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travels in geology

Getting there and getting around Cyprus

Cyprus has been populated for centuries by a mix of ethnic Greeks and Turks. Periodic ethnic tensions erupted into communal violence in 1963, leading to a Turkish invasion in 1974. Turkey has controlled the northern third of the island ever since. The Troödos Mountains, which host the ophiolitic rocks, rise in the center of the island, within the Republic of Cyprus.
04 Nov 2015

Travels in Geology: Cyprus: Island of Oceanic Crust

The soul of Cyprus, the third-largest island in the Mediterranean, lies in the Troödos Mountains — a rare, intact sliver of ancient oceanic crust that played a pivotal role in the development of plate tectonic theory. But don’t miss the Neolithic, Roman and Byzantine ruins, or the stunning beaches.

04 Nov 2015

Northern Cyprus' "Peace Water" Pipeline

With its semi-arid climate and growing population, Cyprus suffers from the highest level of water stress in Europe and is ranked in the top five most water-stressed countries in the world, according to the World Resources Institute. Demand in the larger southern Republic of Cyprus is predicted to increase to 314 million cubic meters per year by 2020, up from 266 million cubic meters in 2004.
04 Nov 2015

Travels in Geology: Rafting the Pacific Northwest's heavenly Hells Canyon

Few roads and only steep, difficult trails run down into Hells Canyon — the deepest canyon in North America — which forms part of the border between Oregon and Idaho. But the location is popular among boaters, whitewater rafters and fishermen, and a trip down the river reveals some spectacular rocks.

18 Sep 2015

Damming the salmon

In the 1940s, the state of Idaho decided that the Salmon River would be left to flow freely while the Snake would be developed for hydroelectric power to become Idaho’s workhorse river. To date, a total of 15 dams have been built along the Snake for a variety of purposes, from irrigation to flood control to hydroelectricity. Hells Canyon is home to three hydroelectric impoundments: the Brownlee, Oxbow and Hells Canyon dams, built in 1959, 1961 and 1967, respectively. Together they have a maximum capacity of 391 megawatts of power production.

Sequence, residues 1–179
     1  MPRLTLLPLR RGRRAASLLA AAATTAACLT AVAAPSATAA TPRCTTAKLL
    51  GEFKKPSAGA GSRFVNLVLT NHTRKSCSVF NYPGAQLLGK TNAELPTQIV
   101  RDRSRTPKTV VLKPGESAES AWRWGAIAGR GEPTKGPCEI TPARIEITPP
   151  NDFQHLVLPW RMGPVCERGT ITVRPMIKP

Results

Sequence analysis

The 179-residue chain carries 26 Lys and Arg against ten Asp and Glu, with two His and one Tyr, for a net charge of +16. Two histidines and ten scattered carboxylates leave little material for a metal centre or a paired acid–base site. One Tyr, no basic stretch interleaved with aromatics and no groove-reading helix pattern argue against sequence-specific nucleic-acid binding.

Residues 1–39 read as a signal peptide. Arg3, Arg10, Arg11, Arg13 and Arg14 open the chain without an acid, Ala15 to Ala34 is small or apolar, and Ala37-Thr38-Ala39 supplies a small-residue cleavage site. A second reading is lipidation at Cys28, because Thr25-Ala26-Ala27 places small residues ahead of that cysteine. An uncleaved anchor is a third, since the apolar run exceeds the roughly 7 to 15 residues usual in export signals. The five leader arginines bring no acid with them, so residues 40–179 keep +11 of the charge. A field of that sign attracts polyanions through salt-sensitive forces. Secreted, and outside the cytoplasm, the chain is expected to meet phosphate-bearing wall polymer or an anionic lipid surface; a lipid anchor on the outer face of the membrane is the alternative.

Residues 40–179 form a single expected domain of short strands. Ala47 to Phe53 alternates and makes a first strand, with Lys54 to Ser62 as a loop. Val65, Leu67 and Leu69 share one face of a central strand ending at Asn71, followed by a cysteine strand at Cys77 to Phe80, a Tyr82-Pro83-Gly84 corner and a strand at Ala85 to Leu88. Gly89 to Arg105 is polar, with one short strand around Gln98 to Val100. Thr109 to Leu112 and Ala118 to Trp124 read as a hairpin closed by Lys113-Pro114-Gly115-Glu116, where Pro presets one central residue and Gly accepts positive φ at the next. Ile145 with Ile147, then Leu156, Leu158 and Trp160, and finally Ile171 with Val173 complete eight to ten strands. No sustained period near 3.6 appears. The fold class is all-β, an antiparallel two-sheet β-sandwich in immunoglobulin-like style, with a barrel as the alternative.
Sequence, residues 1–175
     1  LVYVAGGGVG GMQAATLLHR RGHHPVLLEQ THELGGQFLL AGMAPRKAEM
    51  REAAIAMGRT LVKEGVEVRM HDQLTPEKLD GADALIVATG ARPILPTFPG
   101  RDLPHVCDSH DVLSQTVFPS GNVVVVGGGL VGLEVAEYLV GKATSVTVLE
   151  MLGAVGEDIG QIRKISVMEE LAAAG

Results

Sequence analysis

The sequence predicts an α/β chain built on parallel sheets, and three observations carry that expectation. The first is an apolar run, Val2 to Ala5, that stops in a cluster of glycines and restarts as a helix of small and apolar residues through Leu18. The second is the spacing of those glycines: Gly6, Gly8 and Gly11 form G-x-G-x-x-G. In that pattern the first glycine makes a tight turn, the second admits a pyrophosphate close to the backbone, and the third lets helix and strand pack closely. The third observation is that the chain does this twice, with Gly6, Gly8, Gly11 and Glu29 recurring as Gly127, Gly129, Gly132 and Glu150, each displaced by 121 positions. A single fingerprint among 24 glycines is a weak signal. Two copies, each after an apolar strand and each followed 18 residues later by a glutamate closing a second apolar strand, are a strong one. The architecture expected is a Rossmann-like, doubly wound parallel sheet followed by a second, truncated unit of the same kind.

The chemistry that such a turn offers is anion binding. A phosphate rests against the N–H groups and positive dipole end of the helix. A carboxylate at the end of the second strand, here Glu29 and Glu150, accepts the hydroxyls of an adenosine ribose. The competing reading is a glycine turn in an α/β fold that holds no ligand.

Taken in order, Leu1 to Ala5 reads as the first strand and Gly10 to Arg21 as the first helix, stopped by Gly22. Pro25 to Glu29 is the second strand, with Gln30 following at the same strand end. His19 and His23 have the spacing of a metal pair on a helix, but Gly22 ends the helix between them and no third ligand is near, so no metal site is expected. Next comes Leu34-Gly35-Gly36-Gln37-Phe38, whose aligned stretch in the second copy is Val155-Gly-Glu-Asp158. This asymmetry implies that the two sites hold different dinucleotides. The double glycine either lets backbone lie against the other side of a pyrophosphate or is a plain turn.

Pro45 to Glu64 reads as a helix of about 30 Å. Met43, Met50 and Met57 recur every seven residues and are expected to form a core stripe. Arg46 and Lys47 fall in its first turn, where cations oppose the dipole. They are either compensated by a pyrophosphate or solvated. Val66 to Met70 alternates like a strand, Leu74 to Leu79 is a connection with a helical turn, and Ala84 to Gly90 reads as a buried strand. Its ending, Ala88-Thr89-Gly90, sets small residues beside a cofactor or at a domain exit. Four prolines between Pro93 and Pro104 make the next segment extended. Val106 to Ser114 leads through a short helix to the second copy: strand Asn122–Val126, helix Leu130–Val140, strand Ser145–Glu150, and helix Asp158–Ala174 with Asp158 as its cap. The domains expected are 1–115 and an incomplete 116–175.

18 Sep 2015

Getting there and getting around Hells Canyon

The closest major airports to Hells Canyon are Missoula, Mont., Boise, Idaho, and Spokane, Wash. If you book a multiday trip with a reputable rafting company, the company will likely help you arrange shuttles to the beginning and end of the canyon, or you may need to rent a car. Most Hells Canyon river trips end in Lewiston, Idaho, which also has a small airport with regularly scheduled flights to Salt Lake City, Seattle and Boise. 
18 Sep 2015

Travels in Geology: Australia's Whitsunday Islands: Sun, sand and silicic volcanism

Swimming and snorkeling near the Great Barrier Reef, hiking and ziplining through rainforests and waterfalls, and relaxing on a beach composed of 99 percent pure quartz sand can all be done in a couple days’ trip to the Whitsunday Islands and Queensland, Australia.

01 Sep 2015

Getting there and getting around the Whitsundays

The gateway airports to the Whitsundays are on Hamilton Island and near Proserpine on the mainland. Neither hosts direct flights from the U.S., but both connect to Sydney and Brisbane, Australia’s primary international arrival points, as well as Cairns, the most popular access point to the Great Barrier Reef. From Proserpine, Whitsunday Transit can transport you to accommodations throughout the region.
01 Sep 2015

Travels in Geology: Touring Texas' Trans-Pecos

In far southwestern Texas, west of the Pecos River and bordering Mexico lies the Trans-Pecos region, a profoundly beautiful area with a rich cultural history and fascinating and diverse geology.
04 Aug 2015

Getting There and Getting Around Texas' Trans-Pecos

If you’re driving through West Texas on Interstate 10, which runs from Jacksonville, Fla., to Santa Monica, Calif., you’ll pass right through the Trans-Pecos region. Commercial air service is also available into El Paso International Airport, located about 170 kilometers west of Guadalupe Mountains National Park. A car is necessary to get around the area; you can rent one at the airport if you choose to fly in. Fall is a great time to visit the region, once the summer heat has waned. 

04 Aug 2015